Yesterday at the farmer’s market many people asked me how the bees were doing, so here is an update:
The feeder cans we were using belong to the club so we needed to give them back. Ted made feeders to replace them which we hung in front of the hives. Then he made entrance feeders. These have a piece that goes into the actual entrance of the hive so that only the bees in that hive can use the feeder. Stedman’s sells them, but they had sold out before we arrived on package day, and anyway it’s more fun to make your own.
Right after we hived the bees the nightime temps dropped to near freezing – I stayed awake one night worrying about the hives. This is why we continued to feed. That, and our concern that the new hive get started out comfortably; we took Italian bees raised in California and dumped them in an empty box in Washington state, so it was an understandable worry.
Every day when the temperature hits 50 the foragers start heading out. Mid-day when the sun is out the air fills with bees whizzing around. It really does look like a bee highway. I haven’t seen them on any plants nearby, they’re going out in all directions and coming back, and since they can forage up to three miles they could be anywhere. Ted has seen bees with pollen in their baskets (part of the hind leg where pollen collects). He’s also seen a pollen cake dropped by one bee and picked up by another. So we know they’re getting pollen and nectar. The big discussion now is when we stop feeding. On the one hand, it’s still cold and rainy. On the other hand, we saw a drone, so we could be overfeeding. We’re going to feed for another week and re-evaluate.
We hived the bees on Saturday April 16. On Wednesday April 20 we made our next big move. I put on the bee suit, Ted put on a veil and gloves, and we did the work in the afternoon sunshine. We haven’t used a smoker – we don’t own one, we want to try to get by without it. We talked through what we were going to do before we did it, so that when we did the work we could move deliberately and steadily, and open the hive the least amount of time. We removed the top of the hive, moved some of the top bars from behind the false back, moved the false back, and then carefully pried open the two bars where the queen box was suspended to pull out the queen box. This was heart-pounding because that’s where the Big Ball Of Bees was centered. In both hives we found the queen box empty, so the workers did eat the marshmellow and release the queen. We moved the false back to the end of the hive, replaced the top bars, and closed the hive. Both hives were only open five minutes or so.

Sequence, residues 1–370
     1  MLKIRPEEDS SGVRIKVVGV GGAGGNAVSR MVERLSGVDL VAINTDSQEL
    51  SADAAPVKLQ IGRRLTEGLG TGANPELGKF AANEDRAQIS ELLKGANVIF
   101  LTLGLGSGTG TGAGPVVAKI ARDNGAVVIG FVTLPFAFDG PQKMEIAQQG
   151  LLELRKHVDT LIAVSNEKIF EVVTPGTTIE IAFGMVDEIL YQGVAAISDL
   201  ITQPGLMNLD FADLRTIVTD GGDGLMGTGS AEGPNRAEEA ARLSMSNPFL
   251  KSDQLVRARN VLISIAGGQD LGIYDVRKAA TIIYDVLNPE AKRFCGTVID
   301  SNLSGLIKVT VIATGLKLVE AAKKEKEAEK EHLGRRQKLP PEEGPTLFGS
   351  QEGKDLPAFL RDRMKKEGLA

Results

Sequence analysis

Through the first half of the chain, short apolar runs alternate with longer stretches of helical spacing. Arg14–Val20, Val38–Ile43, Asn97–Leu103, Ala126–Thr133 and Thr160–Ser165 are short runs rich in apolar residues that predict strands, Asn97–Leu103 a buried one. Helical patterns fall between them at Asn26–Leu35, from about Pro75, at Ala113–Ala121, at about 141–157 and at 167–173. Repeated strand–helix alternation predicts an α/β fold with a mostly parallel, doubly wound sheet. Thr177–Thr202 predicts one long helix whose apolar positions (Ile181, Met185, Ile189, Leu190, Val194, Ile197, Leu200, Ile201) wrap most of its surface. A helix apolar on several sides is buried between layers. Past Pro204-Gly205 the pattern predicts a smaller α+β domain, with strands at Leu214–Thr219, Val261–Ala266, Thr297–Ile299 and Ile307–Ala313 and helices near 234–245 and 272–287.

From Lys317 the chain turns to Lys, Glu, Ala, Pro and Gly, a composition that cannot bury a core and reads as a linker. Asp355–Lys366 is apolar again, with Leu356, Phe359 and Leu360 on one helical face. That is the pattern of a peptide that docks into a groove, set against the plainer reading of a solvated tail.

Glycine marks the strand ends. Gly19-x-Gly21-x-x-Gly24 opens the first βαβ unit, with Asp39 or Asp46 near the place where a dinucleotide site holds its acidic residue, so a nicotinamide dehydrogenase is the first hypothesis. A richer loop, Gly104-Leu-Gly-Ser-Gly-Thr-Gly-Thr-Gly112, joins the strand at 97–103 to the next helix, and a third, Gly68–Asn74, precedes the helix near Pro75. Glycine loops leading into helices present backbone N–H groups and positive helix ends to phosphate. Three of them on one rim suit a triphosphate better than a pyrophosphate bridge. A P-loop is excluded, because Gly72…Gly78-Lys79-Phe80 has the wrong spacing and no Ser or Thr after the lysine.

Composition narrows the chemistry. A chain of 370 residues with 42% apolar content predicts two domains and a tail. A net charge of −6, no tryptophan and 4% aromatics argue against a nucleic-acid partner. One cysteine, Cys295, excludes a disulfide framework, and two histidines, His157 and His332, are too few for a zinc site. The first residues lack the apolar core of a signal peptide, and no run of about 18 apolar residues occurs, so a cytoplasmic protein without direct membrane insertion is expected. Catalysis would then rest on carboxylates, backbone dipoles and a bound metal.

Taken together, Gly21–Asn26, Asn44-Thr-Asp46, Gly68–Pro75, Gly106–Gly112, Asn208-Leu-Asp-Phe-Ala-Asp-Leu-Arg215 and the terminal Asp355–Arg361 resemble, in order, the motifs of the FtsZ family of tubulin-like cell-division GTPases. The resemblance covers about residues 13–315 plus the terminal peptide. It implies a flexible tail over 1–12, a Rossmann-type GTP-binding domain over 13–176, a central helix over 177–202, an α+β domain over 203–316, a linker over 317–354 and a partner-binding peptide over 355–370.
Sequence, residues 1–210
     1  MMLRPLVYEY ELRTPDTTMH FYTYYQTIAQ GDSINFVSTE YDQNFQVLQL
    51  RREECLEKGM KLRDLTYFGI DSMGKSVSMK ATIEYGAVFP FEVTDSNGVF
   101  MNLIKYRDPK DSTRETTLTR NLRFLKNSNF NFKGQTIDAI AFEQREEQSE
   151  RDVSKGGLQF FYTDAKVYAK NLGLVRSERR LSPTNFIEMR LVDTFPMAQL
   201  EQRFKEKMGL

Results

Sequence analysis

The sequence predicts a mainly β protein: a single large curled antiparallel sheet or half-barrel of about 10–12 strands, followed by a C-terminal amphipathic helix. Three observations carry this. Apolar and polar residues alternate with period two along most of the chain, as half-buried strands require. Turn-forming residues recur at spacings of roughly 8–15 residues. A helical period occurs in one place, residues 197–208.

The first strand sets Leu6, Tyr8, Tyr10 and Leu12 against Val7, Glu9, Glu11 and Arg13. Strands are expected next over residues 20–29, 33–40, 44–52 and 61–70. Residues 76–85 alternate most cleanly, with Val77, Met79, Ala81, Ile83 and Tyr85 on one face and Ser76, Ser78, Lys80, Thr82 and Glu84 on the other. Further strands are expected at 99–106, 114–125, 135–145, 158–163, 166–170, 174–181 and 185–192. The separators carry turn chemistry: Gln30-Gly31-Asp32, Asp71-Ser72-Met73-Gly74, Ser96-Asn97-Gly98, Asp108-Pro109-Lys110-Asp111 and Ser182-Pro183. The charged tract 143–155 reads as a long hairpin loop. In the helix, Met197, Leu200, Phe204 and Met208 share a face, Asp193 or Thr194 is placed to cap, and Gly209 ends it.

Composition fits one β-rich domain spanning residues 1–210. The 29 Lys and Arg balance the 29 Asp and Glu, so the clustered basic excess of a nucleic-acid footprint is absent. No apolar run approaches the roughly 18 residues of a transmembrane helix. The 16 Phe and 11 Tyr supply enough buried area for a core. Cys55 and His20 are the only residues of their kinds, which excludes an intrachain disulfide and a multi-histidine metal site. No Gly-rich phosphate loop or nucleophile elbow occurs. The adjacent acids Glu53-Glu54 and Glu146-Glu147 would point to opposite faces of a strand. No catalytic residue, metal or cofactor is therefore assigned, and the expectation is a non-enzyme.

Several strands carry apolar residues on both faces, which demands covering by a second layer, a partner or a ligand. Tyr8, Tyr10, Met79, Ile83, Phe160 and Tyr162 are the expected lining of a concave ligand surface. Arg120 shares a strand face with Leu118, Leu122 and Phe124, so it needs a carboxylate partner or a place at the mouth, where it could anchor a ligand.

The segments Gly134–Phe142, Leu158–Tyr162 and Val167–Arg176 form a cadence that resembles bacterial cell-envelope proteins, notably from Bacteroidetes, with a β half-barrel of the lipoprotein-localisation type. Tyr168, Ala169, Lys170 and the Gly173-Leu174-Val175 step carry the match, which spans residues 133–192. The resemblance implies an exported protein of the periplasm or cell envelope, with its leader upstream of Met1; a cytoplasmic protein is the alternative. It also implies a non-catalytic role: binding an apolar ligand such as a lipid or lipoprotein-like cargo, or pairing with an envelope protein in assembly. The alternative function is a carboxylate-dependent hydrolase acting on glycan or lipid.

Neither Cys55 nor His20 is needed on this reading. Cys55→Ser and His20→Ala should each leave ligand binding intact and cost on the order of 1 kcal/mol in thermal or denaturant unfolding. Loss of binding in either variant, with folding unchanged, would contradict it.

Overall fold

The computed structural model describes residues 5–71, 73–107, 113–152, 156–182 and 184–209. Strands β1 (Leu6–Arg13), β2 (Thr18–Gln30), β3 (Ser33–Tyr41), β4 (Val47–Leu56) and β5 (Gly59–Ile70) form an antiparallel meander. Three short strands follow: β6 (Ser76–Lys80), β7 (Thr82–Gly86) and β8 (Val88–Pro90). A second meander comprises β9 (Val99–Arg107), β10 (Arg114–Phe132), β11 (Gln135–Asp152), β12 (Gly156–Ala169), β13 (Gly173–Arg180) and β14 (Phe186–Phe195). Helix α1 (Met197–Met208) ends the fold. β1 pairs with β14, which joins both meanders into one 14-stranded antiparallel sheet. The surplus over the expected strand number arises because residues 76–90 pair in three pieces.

Since then we have been watching the hives for hours on end. This is way better than television. We run out and look at them first thing in the morning. We have many questions that can only be answered by observation and experience. For example, did the bees accept the queens? I think so because the hives are industrious, and whatever has happened, both hives are the same. I really see the wisdom of having two hives to compare to each other.
The most burning question was, are they drawing comb? I had read bee forum and blog accounts of bees abandoning a top bar hive in the first few days, so I was worried whether they would stick with us. The Big Ball Of Bees in both hives seemed to be getting bigger so we thought they were. Yesterday afternoon when we looked in the windows of both hives we could actually see the comb. Woot! We spent all night saying, “We’ve got comb!”
We’re busily planting for the bees. The hives are behind the garage in a clearing we have been reclaiming from invasives. We’re down to the grasses now, and rather than using glysophate on them, we’re trying a Master Gardener idea and seeding red clover. This winter we mulched the front lawn with cardboard, leaves, straw, and then dirt, and planted a cover crop which has just started to take hold. I’ve ordered enough lavender plants to fill the yard, and if I can grow them correctly when they bloom in a year or two the bees should love them.
So now the bees are settled into their hives, and we’re settled into watching them. We have adopted the natural beekeeping approach (AKA barefoot beekeeping, AKA bee guardian) where we leave the bees alone and try to help them thrive. We’re going to diligently work to get them through swarm season in June and then take them through the winter. The big honey payoff in top bar hives comes in the second year so we have no expectations for this year. The books all say that top bar hives require more monitoring than other kinds of hives, but as we are watching them continually for fun this is really not an issue.
On the mason bee front, the day we hived the honey bees I saw female bees. I’ve seen a few female bees going in and out of the tubes so there is activity. I haven’t seen one actually finished and capped yet though. The mason bee house is in the same area as the honey bee hives. They checked each other out this week, we saw mason bees at the hives and honey bees at the tubes. I don’t know if they can peacefully co-exist, we will find this out. I haven’t seen bumblebees in the area, although I saw several queens earlier this spring.
Sometimes when we are sitting and watching the bees one of the big slow ones comes and flies around us. I swear it feels as if the hive is checking us out. The natural beekeeping books and forums recommend hanging out with the hive so it gets used to you. The Barefoot Beekeeper recommends listening to the hive and smelling it. Ted’s listening, I’m smelling. We’re happy as bees in clover!
Edit Monday 4/25: FYI, the West Sound Beekeepers Association list noted that we should be feeding as there is not enough in bloom just now to support the bees.
Big ball of bees seen through hive window